The purpose of a driver is directional distance; you can't hit a driver shot too far, only too short or off-line. Distance is a combination of swing speed and loft. More precisely, loft is dependent upon the flex of the club shaft, which is determined by swing speed. If a club shaft is too stiff for your swing speed, the loft trajectory is flat and the distance is short. If the shaft flexes too much because you swing too hard, controlling the direction of the shot is difficult. Where your shot goes is as important as distance.
Know Your Swing
George Doyle/Stockbyte/Getty Images
Measure your golf swing speed with a swing radar gun. You can also measure swing speed by hitting 10 golf balls with a driver, disregarding the longest and shortest shots, measuring the distance of the remaining eight balls, adding the distances together and dividing by eight. Divide the sum by 2.3 and you have your swing speed in miles per hour.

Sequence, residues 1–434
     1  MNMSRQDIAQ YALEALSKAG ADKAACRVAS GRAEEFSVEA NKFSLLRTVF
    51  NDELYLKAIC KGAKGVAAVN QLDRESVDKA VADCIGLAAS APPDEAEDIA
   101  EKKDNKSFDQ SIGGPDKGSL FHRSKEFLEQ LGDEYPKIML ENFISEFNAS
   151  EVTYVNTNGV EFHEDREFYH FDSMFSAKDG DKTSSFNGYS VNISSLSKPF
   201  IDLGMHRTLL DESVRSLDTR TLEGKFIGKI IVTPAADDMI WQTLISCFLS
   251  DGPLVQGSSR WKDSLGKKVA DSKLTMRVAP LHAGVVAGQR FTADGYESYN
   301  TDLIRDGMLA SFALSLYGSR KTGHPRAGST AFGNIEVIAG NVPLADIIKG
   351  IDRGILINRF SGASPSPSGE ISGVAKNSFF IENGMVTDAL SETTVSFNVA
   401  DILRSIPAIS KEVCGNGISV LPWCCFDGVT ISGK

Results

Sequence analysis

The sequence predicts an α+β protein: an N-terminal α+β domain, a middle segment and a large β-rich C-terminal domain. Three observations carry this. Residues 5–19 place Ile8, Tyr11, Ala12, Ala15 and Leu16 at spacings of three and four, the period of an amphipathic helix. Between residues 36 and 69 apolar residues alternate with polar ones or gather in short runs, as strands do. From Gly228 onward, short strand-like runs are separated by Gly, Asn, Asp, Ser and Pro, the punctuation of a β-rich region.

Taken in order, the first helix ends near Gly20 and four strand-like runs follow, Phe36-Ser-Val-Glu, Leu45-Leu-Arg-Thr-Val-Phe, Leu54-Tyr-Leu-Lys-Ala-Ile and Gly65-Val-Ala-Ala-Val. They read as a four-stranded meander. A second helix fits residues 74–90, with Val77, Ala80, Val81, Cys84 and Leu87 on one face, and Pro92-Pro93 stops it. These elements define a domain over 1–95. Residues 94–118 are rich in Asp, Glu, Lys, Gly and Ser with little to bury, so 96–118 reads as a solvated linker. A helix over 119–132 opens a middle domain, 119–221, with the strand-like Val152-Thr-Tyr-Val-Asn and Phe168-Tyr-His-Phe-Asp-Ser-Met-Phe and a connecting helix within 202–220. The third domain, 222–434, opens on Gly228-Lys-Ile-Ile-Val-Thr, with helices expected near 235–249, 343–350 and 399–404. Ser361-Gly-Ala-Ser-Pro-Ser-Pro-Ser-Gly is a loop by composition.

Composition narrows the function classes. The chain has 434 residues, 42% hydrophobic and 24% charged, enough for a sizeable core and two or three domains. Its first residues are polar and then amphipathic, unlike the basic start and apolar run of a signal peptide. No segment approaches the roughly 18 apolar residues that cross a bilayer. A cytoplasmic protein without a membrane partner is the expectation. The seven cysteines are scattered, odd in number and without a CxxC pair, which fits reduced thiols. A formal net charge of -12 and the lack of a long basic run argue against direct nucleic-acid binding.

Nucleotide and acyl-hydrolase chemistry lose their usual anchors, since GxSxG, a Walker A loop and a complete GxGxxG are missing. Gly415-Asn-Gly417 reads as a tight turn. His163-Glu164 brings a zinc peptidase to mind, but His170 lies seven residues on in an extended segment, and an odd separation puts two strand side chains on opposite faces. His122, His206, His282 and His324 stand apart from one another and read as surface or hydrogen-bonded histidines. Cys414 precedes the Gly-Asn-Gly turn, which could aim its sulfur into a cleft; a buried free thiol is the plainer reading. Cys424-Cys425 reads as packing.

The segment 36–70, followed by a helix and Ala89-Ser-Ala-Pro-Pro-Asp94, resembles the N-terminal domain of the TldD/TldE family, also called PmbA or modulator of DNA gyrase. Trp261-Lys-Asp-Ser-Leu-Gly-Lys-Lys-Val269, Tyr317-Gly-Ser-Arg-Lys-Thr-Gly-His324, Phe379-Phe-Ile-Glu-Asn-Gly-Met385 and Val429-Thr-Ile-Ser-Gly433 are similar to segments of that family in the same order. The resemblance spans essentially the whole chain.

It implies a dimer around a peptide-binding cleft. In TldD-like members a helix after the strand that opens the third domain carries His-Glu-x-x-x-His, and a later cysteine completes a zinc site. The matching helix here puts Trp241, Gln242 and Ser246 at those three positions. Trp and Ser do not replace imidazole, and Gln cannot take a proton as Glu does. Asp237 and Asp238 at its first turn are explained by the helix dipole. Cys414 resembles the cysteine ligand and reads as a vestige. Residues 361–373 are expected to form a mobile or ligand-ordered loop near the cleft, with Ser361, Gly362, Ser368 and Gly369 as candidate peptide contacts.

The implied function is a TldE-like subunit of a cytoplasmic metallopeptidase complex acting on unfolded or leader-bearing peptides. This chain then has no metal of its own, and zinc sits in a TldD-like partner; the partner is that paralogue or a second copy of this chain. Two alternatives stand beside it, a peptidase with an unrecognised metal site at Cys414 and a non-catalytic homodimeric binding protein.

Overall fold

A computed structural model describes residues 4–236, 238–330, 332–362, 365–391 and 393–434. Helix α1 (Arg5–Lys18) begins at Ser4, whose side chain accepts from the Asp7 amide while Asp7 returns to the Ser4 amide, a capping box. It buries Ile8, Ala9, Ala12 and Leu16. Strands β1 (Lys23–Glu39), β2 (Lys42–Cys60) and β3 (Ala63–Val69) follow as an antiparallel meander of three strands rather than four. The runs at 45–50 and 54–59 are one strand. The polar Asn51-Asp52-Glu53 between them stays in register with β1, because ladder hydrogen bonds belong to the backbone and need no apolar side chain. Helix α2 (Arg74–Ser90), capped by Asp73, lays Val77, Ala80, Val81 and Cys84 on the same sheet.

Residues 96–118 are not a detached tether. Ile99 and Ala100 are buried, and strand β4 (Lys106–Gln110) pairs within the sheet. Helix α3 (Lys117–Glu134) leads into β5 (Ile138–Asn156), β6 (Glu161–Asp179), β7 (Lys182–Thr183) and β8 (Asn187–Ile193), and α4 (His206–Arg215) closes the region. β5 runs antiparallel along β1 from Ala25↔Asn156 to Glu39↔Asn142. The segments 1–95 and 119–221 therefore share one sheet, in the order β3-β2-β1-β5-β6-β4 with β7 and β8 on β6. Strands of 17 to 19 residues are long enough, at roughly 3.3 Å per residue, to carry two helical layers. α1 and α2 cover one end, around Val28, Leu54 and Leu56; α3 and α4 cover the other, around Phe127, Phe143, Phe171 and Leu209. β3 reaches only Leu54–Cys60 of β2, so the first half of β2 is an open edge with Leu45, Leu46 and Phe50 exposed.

Thinkstock Images/Comstock/Getty Images
Match your swing speed to the correlating type on a flex shaft chart. There are two speed ranges specific to women for flex shafts: Lady's Light and Lady's. The Light is for lady's who swing slower than 60 mph. The Lady's is for women who swing with a speed between 60 and 70 mph. The Senior's flex shaft is for a swing between 70 and 80 mph and the Regular is for swings of 80 to 90 mph. If you are a woman with an extremely fast swing speed, there are also three stiffer shafts.
John Foxx/Stockbyte/Getty Images
Test three drivers. Test one with a shaft designed for the speed range you fall within, one with a shaft below your speed range and one with a shaft above your speed range. Hit 10 balls with each and take account of your distance and accuracy. Select the club that gives you the best combination of the two. If you have difficultly deciding which club that is, discard the least accurate or the shortest club shaft, and retest your shot with the remaining two.